A Letter to the Attorney General
Note: This letter was addressed to former Attorney General, Eric Holder a year after his resignation.
Dear Atty Gen Holder,
A little over a month has passed since your resignation was announced and I have to say I'm extremely disappointed and disheartened. However, it's not you who I direct my sentiments towards... it's myself.
Three years ago, almost to date, I had the honor of meeting you and holding a brief conversation after the dedication of the Malone-Hood Plaza at the University of Alabama. I'd just walked off stage after barely getting the last few lines of my speech out-- "I am here today, because you were here yesterday." It was a testament to the gratefulness I had towards these three pioneers who integrated my now alma mater. I couldn't disguise my quivering voice or hold back the tears in my eyes. I was truly overwhelmed by the opportunity to recognize them and their survivors, in person, for their contributions.
At this point you might be wondering where you come in. The moment the ceremony was over, you made your way over to me and said "Never apologize for showing your emotions." Your comment shocked me for several reasons.
- I was so quick to step back from the podium to gather my emotions after my statement that I didn't even realize people heard my faint "I'm sorry."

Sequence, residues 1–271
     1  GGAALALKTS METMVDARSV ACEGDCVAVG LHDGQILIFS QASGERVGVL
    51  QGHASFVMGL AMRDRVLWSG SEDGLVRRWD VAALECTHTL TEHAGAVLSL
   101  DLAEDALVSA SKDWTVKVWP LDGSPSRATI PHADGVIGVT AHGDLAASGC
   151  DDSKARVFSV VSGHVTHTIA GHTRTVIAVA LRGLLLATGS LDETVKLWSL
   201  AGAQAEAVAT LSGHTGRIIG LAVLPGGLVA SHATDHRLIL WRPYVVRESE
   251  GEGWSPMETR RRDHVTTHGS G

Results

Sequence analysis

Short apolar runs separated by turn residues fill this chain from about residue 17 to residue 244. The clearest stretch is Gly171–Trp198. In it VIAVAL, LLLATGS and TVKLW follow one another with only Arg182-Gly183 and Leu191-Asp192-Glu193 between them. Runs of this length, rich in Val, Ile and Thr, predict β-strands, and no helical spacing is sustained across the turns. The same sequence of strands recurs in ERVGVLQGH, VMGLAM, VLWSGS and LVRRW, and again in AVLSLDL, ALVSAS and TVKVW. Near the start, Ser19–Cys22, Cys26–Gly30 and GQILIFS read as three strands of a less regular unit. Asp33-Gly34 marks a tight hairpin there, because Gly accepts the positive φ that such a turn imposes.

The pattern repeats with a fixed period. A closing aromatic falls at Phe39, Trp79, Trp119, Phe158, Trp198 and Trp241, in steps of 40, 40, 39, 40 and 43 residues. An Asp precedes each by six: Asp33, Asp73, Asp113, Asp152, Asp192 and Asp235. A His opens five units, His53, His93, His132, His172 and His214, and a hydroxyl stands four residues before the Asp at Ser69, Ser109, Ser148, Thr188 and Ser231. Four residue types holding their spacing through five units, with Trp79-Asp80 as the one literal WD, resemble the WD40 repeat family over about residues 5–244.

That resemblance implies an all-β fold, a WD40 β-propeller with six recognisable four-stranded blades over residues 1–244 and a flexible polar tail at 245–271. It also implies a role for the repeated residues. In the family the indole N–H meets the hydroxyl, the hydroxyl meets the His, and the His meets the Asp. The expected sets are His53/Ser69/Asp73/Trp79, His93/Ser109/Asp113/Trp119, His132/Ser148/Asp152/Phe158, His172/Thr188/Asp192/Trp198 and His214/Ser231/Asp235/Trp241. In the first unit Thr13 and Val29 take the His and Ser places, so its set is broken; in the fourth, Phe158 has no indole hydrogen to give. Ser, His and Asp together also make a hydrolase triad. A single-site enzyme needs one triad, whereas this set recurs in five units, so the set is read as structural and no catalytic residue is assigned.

- For a highly ranked public official, constantly under scrutiny by the media, to remind me that passion and emotion are never weaknesses was one of the most powerful pieces of advice I've received.
- You approached me. It didn't register until months later, but it was your humility and approachability that left a lasting impression.
Although it was not my intention to discard your sincere words of encouragement, I have to apologize again. I didn't follow your advice. Not right away. I went back into filtering, guarding and disguising my emotions as a means to protect myself from what I perceived as vulnerability and to avoid humiliation... and it's gone on for years.
A few times I've opened up, stated my peace and expressed by discontentment or frustrations only to retreat back into my "safe" space, holding on to my heroism until the next media exposure of injustice ran across my line of view. The truth is, there have been numerous instances-- micro-injustices as I call them-- in between the media controversies where I've stood by silently. I rationalized that if I didn't speak my mind then I didn't have to feel apologetic about my opinons. The exact opposite has proven to be true. The more I filtered my feelings and subdued my emotions the more entrapped I felt.
I understand why I have to remain diligent about sharing who I am and Im finally understanding that what we say and how we say it aren't as potent if we filter out our emotions.
You may not get a chance to read this, but if you do, know that I didn't forget what you told me that day. It's been one of my biggest ongoing challenges, but I'm going to continue to fight to find my voice and speak about not just my beliefs, but my unadulturated feelings, without fear of shame or embarrassment consuming me.
Coresa Nancy Hogan